Stormer, Volume 61: How I Reversed Steam’s Emoji Censorship By Shopping For Their Nazi Paraphernalia

Daily Stormer
October 21, 2018

I’ve been a customer of Steam for 14 years. It’s a great number for a great community. I have always been a faithful supporter of the platform, as it has shown a tendency for fairness and decency to all gamers that is unparalleled. I have been a loyal Steam customer to a fault. When all my friends wanted to pre-order Fallout 76, I said I would not purchase the title because they refused to release it on Steam and I refuse to reward any publisher who wants to install yet another purposeless launcher and retail shop on my computer with poorer terms and no social graph.

So it was very alarming when my profile name was disabled by Steam moderators this week. For years now I have had two Unicode high voltage signs in my nickname on the platform: ⚡⚡. This was, of course, to honor the Vice President of the United States, Mike “Electric” Pence. I was informed by a moderator that it had a “rather problematic” meaning.

When I inquired further, I was informed it was associated with Nazi Germany. I of course was unfamiliar with this and assumed that it would most commonly be associated with the rock band KISS, beloved by boomers and homosexuals everywhere.

However, when confronted with this I decided to illustrate a key point: that Valve’s Steam in itself is actually the largest distributor of Nazi propaganda in the world. Steam games drop trading cards which can be consumed to craft badges. The process of badge crafting drops background images for your profile, and emoticons that can also be displayed on your profile or used in Steam’s chat. Background images and emoticons can be bought and sold on the community marketplace, typically for a few pennies, or gifted and traded with your friends. In defense of the First Amendment of our divinely inspired Constitution, I went on a quest to display as much official Valve Nazi paraphernalia on my profile as possible.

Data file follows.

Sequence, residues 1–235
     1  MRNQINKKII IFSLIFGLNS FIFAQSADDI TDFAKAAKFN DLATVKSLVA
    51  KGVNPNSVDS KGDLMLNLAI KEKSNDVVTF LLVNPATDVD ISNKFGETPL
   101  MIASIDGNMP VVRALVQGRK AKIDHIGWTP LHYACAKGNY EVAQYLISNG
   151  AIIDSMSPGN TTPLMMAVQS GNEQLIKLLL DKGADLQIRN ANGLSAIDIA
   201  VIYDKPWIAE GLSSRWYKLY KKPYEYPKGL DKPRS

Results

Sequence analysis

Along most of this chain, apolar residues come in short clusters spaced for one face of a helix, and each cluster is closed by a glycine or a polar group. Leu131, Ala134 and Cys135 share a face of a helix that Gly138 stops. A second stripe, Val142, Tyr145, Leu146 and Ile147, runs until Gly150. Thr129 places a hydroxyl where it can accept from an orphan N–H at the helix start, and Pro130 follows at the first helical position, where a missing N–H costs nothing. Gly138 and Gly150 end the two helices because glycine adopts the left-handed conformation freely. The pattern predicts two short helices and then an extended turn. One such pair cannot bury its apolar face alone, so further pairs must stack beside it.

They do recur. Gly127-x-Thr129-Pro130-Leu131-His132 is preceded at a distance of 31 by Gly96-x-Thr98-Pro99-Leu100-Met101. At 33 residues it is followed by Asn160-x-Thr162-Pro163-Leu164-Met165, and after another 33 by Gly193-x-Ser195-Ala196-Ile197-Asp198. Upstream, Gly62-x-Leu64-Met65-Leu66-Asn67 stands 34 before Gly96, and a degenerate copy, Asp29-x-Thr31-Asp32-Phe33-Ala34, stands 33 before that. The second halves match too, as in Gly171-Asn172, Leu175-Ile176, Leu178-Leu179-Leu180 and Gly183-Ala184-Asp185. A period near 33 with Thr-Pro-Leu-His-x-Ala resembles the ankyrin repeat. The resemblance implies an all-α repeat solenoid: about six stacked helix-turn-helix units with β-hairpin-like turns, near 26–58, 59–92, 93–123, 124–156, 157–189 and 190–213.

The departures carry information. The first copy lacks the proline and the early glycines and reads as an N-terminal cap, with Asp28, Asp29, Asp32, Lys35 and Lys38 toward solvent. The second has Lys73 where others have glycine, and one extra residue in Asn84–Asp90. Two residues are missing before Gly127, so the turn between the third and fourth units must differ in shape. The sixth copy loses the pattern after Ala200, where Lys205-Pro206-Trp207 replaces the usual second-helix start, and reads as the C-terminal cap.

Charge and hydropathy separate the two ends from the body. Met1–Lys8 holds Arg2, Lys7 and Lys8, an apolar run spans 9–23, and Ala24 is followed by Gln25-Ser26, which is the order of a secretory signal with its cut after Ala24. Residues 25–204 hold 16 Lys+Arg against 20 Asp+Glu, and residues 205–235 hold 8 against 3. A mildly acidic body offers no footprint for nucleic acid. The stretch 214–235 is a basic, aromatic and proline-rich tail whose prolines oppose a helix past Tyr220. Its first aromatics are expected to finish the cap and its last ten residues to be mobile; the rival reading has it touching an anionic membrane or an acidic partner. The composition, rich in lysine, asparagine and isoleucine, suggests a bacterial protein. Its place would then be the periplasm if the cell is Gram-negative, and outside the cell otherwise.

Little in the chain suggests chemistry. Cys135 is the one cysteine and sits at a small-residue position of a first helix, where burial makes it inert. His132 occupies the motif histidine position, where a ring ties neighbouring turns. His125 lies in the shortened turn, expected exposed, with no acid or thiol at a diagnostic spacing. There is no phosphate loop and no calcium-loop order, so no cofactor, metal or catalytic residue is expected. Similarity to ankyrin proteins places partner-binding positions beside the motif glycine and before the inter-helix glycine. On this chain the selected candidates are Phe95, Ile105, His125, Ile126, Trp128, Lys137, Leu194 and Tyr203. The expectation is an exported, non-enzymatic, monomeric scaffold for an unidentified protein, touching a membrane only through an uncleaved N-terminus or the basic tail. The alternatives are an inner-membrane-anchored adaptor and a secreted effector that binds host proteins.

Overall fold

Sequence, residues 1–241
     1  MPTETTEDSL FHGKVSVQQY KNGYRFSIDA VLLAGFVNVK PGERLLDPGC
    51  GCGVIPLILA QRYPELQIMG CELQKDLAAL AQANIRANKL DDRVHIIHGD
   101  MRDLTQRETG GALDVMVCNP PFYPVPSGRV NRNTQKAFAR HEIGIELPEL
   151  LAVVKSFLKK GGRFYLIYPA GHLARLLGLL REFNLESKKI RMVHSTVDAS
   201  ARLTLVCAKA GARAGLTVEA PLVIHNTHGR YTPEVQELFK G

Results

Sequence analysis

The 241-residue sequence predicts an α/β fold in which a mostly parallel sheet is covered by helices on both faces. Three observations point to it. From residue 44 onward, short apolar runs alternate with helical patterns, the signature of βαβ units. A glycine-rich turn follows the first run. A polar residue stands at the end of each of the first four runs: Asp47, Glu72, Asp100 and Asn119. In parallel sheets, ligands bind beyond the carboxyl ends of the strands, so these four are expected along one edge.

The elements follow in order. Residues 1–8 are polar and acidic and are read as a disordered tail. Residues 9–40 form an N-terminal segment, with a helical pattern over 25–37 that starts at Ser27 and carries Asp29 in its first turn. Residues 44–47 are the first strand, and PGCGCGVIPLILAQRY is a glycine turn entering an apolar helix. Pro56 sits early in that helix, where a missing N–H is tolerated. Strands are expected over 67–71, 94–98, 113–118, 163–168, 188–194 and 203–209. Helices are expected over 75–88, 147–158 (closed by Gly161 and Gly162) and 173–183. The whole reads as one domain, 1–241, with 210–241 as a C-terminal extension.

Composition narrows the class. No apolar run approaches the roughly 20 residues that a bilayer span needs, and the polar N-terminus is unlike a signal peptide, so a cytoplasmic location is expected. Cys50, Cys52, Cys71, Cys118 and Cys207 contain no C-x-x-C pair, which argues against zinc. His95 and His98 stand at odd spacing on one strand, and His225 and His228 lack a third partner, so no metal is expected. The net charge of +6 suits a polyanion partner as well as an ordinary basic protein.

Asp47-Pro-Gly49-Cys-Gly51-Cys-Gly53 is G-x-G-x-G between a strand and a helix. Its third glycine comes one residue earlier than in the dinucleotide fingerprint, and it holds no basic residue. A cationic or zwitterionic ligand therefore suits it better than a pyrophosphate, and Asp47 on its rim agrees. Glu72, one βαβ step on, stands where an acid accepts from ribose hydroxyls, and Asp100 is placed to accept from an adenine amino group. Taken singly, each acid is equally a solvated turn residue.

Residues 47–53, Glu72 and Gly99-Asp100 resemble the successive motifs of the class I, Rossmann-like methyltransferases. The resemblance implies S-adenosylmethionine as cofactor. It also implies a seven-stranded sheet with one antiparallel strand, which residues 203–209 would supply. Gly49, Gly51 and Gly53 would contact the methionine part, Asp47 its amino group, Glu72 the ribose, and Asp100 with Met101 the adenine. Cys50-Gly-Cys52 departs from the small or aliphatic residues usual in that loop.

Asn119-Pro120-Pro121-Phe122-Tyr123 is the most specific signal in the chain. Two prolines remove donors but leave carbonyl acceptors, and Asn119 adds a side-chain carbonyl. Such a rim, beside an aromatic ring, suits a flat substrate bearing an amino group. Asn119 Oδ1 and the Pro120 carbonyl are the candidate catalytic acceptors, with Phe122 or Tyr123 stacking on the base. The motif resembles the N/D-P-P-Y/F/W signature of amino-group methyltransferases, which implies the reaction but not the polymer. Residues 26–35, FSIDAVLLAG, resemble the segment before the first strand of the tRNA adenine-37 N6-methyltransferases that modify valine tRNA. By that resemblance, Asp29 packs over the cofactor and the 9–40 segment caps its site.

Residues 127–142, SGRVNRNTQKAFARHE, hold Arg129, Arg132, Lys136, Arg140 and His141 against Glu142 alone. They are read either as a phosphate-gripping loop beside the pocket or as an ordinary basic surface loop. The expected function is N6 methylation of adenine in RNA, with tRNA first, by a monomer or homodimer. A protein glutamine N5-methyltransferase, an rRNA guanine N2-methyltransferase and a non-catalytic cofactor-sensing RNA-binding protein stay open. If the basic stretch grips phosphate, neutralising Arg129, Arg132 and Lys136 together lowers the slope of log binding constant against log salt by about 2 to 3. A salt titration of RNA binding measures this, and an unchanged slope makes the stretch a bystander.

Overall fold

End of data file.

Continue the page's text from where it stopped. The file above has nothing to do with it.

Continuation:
I started with the “German Reich” profile background from a game called “Supreme Ruler 1936.” While it does not display a swastika (obviously these games need to be distributed in many European countries) any flag intending to represent the German Reich in 1936 is Nazi paraphernalia. This is the most expensive item of the lot, currently trading at 51 cents. Then I found a number of other good emotes fit for profile display using the “item showcase” feature. Company of Heroes 2’s :german:, World War II: Panzer Claws’s :wehrmacht:, Putrefaction 2: Void Walker’s :crossnazis:, Banner Saga 2’s :BlackSun:, Burgers’s :Erwind: (a cute little guy in a stahlhelm), and Day of Defeat’s :ironcross: (which is an emoticon drop actually created by Valve itself) cost about a nickel. For 11 cents I also bought :luger:, which is my favorite of the bunch.

I could have used 111 additional items though.

After changing my public profile to display all this official, Valve-distributed Nazi paraphernalia (it took less than a dollar, if if you don’t count the value of my time) and explaining it to Steam support, they changed their tune, and are telling me I can put the double high voltage warnings back in my Steam name if I please.

However, I am pretty happy with my new profile displaying all this official Steam Nazi paraphernalia, but if any of you fellow gamers have problems rocking the double bolts (a lot of people amongst my Steam friends seem to have similar appreciation for our Vice President!) you can refer Steam to ticket number HT-4Q8P-9XVH-59PK where their support staff decided that they were not against the rules.

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